I'm in the UK so I can't help you beyond stating that some reptile shops or online reptile equipment suppliers should stock it, it's not that expensive either (a £15 sheet does 3 of the 8x8x12 Exo Terra enclosures or 2 of the 12x12x18), it's less than half the thickness of the poly backgrounds that come with the enclosures (more space :happy:) and it's pretty easy to cut.
 

user 666

Arachnobaron
Joined
Jan 27, 2017
Messages
351
You have a link for a good source? And how easily does it cut? I have alot of arboreal enclosures made out of acrylic that would be able to open up alot of "web room" up in.
I use cork bark flats bought at shows and pet stores, and glue them to the back of acrylic enclosures.

They're not as form-fitting as the tile, but I think the irregularities are nicer looking.
 

Goodlukwitthat

Arachnoknight
Joined
Mar 10, 2015
Messages
179
Update

I, unfortunately, have not had time to fool with the tank but will be able to tomorrow when I get back from my appointment. I do plan on removing the background entirely. I'll check and see what I can find to decorate the back wall with. The upside to living near the country/boonies is there are plenty of woods :D Maybe I can get lucky and find some bark that'll fit and add some plants around the "gaps" to make it look more natural. Thanks for the advice and input everyone. I really appreciate it. I'll post pictures when I get the enclosure completed ^_^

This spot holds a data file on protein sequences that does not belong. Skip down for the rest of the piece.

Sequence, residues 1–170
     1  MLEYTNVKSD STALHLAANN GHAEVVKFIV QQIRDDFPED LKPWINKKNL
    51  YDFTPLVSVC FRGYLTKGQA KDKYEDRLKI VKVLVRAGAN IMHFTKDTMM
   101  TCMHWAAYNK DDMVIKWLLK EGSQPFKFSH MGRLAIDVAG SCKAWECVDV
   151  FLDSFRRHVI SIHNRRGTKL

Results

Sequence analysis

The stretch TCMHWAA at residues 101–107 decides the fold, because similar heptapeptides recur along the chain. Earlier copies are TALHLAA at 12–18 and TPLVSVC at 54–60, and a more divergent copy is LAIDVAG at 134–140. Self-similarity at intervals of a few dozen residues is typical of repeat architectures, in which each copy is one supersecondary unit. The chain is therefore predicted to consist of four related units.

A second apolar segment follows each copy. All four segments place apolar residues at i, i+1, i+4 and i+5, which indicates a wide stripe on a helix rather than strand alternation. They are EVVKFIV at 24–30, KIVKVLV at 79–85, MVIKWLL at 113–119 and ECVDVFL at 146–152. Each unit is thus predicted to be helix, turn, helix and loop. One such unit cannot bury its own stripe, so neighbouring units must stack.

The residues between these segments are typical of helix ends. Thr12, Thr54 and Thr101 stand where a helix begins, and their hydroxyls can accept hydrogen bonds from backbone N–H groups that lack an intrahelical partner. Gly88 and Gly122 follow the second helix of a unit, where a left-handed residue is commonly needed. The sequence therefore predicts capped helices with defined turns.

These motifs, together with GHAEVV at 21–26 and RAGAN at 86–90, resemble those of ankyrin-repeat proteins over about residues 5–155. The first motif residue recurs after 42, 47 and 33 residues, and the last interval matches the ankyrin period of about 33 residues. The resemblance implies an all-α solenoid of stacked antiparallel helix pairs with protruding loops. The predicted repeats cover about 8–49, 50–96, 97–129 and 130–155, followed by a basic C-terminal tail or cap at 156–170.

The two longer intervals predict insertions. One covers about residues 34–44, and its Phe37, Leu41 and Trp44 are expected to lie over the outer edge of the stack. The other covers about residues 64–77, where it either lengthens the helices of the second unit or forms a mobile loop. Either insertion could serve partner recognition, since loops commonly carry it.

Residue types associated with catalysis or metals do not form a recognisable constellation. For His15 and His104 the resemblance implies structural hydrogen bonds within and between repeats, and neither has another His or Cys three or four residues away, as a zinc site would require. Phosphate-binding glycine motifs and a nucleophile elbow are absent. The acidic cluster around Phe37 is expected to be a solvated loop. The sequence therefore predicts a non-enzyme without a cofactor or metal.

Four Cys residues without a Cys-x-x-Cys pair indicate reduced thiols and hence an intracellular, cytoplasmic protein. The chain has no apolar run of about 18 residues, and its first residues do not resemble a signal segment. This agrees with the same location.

Python

Arachnolord
Old Timer
Joined
Mar 21, 2005
Messages
631
Be careful putting native bark and/or plants in. Pesticides, parasites and unwanted predators or other hidden gems can find their way right to your T and kill it. I always cook everything I add to kill anything that might hurt my animals. I also don't collect anything that comes from areas sprayed with pesticides, herbicides, fungicides or any other chemicals that might do harm.
 

user 666

Arachnobaron
Joined
Jan 27, 2017
Messages
351
Be careful putting native bark and/or plants in. Pesticides, parasites and unwanted predators or other hidden gems can find their way right to your T and kill it. I always cook everything I add to kill anything that might hurt my animals. I also don't collect anything that comes from areas sprayed with pesticides, herbicides, fungicides or any other chemicals that might do harm.
A couple times now I have had to deal with pests and unwanted plants in an enclosure after I tossed in a random handful of leaves.

It is a concern.
 

Goodlukwitthat

Arachnoknight
Joined
Mar 10, 2015
Messages
179
Be careful putting native bark and/or plants in. Pesticides, parasites and unwanted predators or other hidden gems can find their way right to your T and kill it. I always cook everything I add to kill anything that might hurt my animals. I also don't collect anything that comes from areas sprayed with pesticides, herbicides, fungicides or any other chemicals that might do harm.

Yeah we bake everything we find outside and anything plant wise gets a diluted bleach dip then rinsed well with water and let dry overnight before adding it to the enclosure.